Two years ago Car Talk, one of the most popular shows on National Public Radio, ended after 35 years on the air. Alzheimer’s disease (AD) was to blame. Co-host Tom Magliozzi had progressive symptoms associated with the disease that affected his sharp wit and jovial banter that the show is famous for. Car Talk’s longtime executive producer Doug Berman in a recent interview with Terri Gross on NPRs Fresh Air explained why the show ended. “He [Tom] felt that he just wasn’t what he used to be,” Berman said. “And he had such an incredible mind that it was really difficult for him.”

Car Talk brothers Tom and Ray Magliozzi. (Image source abcnews).

Car Talk brothers Tom and Ray Magliozzi. (Image source abcnews).

Sadly, Tom Magliozzi recently passed away from complications related to Alzheimer’s. It’s a cruel disease that robs people of their memory and causes dementia as the disease progresses. AD affects as many as 5.1 million people in the US alone and the number will only rise with our growing elderly population. There are a few FDA approved drugs for the treatment of AD symptoms. However, there are no cures or existing therapies that stop disease progression. The Buck Institute hopes to change this predicament with a new therapeutic treatment for patients with early stages of Alzheimer’s.

While a majority of the work done at our Institute is preclinical, this week the Buck launched its first clinical trail in Australia to treat amnestic mild cognitive impairment (aMCI), a disease in which 10-15% of affected individuals progress to AD each year. The first subject was recently enrolled in a phase Ib/IIa study to test the safety, tolerability, and efficacy of two doses of the drug F03. F03 is already clinically approved for other disease indications in multiple countries, and the Buck’s study hopes to provide evidence of its safety and efficacy in a group of patients with aMCI. If F03 shows promise in the current clinical trial, the hope is to perform a much larger and more extensive trial in the US and Australia, which would enable FDA approval if the drug succeeds.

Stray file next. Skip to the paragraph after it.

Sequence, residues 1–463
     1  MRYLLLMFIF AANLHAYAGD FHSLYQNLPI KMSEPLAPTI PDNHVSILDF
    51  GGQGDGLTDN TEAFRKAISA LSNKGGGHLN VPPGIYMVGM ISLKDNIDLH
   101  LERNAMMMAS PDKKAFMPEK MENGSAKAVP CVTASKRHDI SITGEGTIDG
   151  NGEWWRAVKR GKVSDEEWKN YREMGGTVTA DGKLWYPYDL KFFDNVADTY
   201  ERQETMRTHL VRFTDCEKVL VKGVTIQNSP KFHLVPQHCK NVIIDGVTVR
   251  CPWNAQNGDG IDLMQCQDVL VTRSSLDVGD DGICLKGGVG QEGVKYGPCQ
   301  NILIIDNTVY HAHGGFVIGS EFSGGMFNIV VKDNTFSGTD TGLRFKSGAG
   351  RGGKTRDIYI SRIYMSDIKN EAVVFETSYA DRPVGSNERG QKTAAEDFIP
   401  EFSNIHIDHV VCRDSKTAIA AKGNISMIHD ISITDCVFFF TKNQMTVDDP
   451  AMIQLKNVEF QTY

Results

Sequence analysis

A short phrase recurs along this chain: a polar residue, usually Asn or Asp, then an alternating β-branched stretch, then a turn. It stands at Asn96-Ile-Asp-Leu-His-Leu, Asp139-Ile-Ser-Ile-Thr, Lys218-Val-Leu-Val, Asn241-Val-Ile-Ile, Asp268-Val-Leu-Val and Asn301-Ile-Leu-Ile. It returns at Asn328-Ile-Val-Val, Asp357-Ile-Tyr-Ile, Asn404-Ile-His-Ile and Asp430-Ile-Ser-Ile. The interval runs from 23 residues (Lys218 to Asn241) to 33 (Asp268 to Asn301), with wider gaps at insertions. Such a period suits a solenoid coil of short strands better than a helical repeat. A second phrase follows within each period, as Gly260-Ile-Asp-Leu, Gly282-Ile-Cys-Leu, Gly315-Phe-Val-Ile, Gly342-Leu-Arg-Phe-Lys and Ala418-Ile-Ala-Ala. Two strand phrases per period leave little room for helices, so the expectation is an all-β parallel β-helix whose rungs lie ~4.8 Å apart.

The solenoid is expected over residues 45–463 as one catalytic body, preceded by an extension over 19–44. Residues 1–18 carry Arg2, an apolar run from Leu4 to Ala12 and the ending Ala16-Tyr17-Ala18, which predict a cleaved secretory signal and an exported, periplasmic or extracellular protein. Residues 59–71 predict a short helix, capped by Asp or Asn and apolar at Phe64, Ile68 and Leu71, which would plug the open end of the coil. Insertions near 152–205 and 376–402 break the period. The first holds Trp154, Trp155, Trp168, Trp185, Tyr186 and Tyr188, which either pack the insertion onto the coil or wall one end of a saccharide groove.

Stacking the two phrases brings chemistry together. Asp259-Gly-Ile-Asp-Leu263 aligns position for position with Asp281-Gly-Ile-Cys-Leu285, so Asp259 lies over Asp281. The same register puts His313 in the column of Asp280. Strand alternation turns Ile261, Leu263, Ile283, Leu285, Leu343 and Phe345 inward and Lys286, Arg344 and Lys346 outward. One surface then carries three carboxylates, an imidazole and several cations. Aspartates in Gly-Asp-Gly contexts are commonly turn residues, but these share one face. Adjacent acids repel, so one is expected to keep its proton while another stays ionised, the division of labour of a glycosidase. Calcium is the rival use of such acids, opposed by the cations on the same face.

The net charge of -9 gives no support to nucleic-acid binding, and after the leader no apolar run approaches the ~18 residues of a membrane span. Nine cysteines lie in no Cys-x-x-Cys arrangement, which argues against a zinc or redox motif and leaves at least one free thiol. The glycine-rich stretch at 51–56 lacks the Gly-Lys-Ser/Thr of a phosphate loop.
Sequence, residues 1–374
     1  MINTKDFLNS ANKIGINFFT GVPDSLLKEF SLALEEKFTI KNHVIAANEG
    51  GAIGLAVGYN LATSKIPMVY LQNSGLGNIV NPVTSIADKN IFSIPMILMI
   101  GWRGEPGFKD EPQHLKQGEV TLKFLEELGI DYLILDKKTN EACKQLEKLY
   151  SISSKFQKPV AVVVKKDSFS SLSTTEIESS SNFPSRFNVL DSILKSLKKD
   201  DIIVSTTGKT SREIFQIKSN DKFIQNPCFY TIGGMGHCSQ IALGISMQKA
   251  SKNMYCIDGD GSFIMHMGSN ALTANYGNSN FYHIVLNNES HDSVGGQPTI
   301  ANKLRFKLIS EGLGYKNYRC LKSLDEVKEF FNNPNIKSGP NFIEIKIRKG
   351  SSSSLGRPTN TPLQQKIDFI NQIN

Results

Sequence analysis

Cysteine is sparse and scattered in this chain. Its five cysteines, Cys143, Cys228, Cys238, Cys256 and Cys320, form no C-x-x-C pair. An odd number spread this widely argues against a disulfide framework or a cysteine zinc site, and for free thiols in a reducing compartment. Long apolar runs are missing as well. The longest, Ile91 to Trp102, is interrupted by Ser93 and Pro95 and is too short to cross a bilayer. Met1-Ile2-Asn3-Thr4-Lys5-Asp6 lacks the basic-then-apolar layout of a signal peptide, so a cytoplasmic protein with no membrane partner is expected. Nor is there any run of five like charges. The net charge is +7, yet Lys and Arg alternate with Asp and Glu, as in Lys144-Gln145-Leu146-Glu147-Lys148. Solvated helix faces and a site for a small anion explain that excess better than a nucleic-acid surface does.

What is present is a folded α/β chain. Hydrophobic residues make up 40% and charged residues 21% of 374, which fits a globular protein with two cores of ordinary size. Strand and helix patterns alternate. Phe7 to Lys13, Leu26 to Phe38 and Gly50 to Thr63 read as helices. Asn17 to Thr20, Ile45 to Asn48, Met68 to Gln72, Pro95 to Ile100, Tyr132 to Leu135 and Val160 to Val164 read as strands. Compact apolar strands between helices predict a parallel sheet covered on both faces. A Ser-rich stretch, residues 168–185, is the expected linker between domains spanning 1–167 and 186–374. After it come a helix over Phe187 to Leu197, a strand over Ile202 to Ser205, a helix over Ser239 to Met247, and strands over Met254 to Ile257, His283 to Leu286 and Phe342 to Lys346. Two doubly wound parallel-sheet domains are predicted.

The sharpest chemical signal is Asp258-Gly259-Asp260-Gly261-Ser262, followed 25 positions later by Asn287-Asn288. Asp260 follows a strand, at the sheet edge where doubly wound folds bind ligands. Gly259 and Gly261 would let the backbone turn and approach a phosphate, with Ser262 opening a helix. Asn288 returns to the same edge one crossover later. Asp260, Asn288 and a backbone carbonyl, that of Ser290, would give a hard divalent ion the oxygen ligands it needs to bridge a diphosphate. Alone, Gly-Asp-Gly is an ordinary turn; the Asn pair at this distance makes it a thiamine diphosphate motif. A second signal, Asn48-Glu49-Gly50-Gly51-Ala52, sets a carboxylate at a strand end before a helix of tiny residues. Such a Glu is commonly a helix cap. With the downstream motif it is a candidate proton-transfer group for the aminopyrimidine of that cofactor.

Dr. Dale Bredesen, Professor at the Buck Institute.

Dr. Dale Bredesen, Professor at the Buck Institute.

F03 was identified as a promising drug to treat aMCI in Dr. Dale Bredesen’s lab at the Buck. Dr. Bredesen discovered that F03 improves cognitive function and reduces memory loss in multiple mouse models of AD. A major cause of Alzheimer’s and the cognitive complications associated with it is believed to be the accumulation of plaques in the brain that are enriched in β-amyloid (Aβ), a peptide formed from the breakdown of amyloid precursor protein (APP). F03 breaks down APP into peptides that are less harmful than Aβ. Importantly, the mechanism by which F03 targets APP is different than the current drugs used to treat early stage AD symptoms (such as aMCI). These existing drugs function by increasing the amount of the neurotransmitter acetylcholine in the brain through inhibition of the enzyme Cholinesterase. However, anticholinesterase inhibitors can produce significant side effects in some patients and vary in efficacy from individual to individual. Dr. Bredesen and his lab hope that F03 can address limitations and overcome the drawbacks of these current drugs used to treat AD.

As a postdoc at the Buck, it is exciting to see the research we conduct at the bench translate to patient’s bedsides.  It certainly adds a big-picture perspective to our daily work of teasing out the biological mechanisms of aging and age-related diseases and how to manipulate these mechanisms through environmental or pharmacological interventions. We are inspired by our Institute’s efforts to address unmet clinical needs in the field of Alzheimer’s disease, and we will strive to make sure that the next clinical trial produced from our research is sooner rather than later.

For more on The Buck Institutes first clinical trial read The Buck Institute’s recent press release.